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Reviewing the Keystone XL Pipeline: Part 9

This week’s focus is ethical oil, and whether it comes from Canada (or even exists at all). A man named Ezra Levant has taken up a major campaign for the use of Alberta’s tar sands in the US, using the same techniques as he did on his cigarette campaign to convince the public and lawmakers alike that the Keystone XL Pipeline is a good idea. However, it is nice to see the EU trying to label tar sands as being particularly dirty to produce, meaning that the environmentalist viewpoint stands a chance against the capitalist agendas taking over most of our country’s politics. Is ethical oil a legitimate label? From an environmental standpoint, there is not such a thing as oil that is good. However, there seems to be a political difference between getting oil from Canada and getting oil from Saudi Arabia. Hopefully the environmental impacts will override the political issues, but a shift away from our dependence on oil seems to be far off.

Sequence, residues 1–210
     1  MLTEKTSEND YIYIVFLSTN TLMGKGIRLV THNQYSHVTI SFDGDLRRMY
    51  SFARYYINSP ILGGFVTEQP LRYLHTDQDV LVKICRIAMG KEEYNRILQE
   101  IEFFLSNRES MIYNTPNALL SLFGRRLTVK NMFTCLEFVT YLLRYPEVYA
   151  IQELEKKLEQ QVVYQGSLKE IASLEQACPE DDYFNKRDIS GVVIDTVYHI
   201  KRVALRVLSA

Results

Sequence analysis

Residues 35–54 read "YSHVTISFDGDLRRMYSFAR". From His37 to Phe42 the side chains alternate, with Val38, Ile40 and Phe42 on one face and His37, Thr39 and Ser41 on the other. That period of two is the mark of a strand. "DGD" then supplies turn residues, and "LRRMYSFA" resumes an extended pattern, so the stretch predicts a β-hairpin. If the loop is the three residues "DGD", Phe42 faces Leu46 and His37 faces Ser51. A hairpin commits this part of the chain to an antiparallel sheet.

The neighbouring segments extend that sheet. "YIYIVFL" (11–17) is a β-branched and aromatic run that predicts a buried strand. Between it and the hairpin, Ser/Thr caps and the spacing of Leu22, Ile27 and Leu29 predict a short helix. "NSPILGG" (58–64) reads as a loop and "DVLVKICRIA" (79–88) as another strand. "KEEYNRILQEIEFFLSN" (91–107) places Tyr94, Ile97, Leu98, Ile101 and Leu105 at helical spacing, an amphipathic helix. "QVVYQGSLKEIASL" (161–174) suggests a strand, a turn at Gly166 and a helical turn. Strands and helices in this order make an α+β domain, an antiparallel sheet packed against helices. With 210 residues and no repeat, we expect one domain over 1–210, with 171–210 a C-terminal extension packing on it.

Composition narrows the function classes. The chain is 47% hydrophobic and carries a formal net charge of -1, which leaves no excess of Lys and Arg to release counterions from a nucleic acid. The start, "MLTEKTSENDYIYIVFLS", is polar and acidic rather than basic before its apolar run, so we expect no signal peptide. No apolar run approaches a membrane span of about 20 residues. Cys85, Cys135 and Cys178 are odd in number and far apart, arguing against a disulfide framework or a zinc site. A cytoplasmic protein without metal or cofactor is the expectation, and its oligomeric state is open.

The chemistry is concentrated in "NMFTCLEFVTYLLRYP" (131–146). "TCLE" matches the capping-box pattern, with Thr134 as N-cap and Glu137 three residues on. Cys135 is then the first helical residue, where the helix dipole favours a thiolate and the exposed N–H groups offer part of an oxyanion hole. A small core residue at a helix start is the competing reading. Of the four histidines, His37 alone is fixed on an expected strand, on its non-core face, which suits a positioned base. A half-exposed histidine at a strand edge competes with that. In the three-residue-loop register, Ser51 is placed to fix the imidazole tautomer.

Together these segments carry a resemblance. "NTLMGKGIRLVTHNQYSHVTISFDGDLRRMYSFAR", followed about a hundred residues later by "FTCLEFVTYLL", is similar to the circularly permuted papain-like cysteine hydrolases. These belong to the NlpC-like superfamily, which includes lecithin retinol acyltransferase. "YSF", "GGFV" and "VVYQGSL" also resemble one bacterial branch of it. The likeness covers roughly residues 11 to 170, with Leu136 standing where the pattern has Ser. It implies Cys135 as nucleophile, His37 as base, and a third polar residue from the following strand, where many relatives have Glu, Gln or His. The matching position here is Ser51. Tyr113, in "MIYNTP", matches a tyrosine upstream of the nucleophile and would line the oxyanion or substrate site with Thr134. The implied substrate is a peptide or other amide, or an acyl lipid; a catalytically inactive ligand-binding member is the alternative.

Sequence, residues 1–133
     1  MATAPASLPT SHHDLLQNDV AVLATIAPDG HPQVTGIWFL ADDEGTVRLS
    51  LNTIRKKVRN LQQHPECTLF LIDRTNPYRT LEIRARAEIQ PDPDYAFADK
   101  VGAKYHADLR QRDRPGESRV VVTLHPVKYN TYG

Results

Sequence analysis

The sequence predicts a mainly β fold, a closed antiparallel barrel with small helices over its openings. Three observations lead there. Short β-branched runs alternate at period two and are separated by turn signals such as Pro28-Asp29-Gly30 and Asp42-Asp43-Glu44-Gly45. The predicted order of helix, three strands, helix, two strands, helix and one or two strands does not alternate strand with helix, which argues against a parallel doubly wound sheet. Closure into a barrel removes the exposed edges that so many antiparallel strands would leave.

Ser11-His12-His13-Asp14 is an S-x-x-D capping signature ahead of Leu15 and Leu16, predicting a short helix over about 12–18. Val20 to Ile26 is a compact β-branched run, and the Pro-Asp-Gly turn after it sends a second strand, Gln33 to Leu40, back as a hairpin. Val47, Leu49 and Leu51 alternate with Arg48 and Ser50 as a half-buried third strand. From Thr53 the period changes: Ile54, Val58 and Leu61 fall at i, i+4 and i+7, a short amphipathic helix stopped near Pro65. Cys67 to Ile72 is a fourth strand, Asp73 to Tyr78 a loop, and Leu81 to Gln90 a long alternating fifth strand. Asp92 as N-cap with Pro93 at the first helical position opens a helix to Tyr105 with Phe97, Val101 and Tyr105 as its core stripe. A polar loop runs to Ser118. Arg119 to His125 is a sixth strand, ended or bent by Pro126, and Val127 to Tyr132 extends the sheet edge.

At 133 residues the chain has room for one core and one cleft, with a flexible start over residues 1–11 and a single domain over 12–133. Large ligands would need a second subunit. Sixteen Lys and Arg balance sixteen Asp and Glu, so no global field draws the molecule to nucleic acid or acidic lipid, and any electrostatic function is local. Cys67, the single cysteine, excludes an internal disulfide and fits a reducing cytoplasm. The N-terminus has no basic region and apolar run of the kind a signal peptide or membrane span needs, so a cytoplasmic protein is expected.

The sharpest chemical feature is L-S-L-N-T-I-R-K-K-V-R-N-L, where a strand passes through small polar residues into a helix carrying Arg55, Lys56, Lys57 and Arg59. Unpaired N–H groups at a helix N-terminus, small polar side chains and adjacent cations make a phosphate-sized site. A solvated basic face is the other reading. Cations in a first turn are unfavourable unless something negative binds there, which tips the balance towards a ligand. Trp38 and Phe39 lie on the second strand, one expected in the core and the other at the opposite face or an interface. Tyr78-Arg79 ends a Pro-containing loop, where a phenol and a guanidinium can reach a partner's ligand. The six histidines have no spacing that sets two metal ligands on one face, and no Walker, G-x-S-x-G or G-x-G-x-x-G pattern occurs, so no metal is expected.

These two articles illustrate the issues, not with the specific pipeline, but with America’s dependence on oil and the quality of the oil’s origins. Both articles took a liberal stance, with the Reuters article retaining an expository form but covering the environmentalist views of the EU on the issue of tar sands. The article from the Mother Nature Network was almost mocking Erza Levant and his seemingly conniving ways in convincing the public that the Keystone XL Pipeline is better than getting oil from Saudi Arabia. It also brought up the issue of Levant’s effectiveness and how it could spell disaster for the environmental platform regarding the pipeline. There was a significant amount of bias in the article from the Mother Nature Network, but it still brought a very real issue to light.

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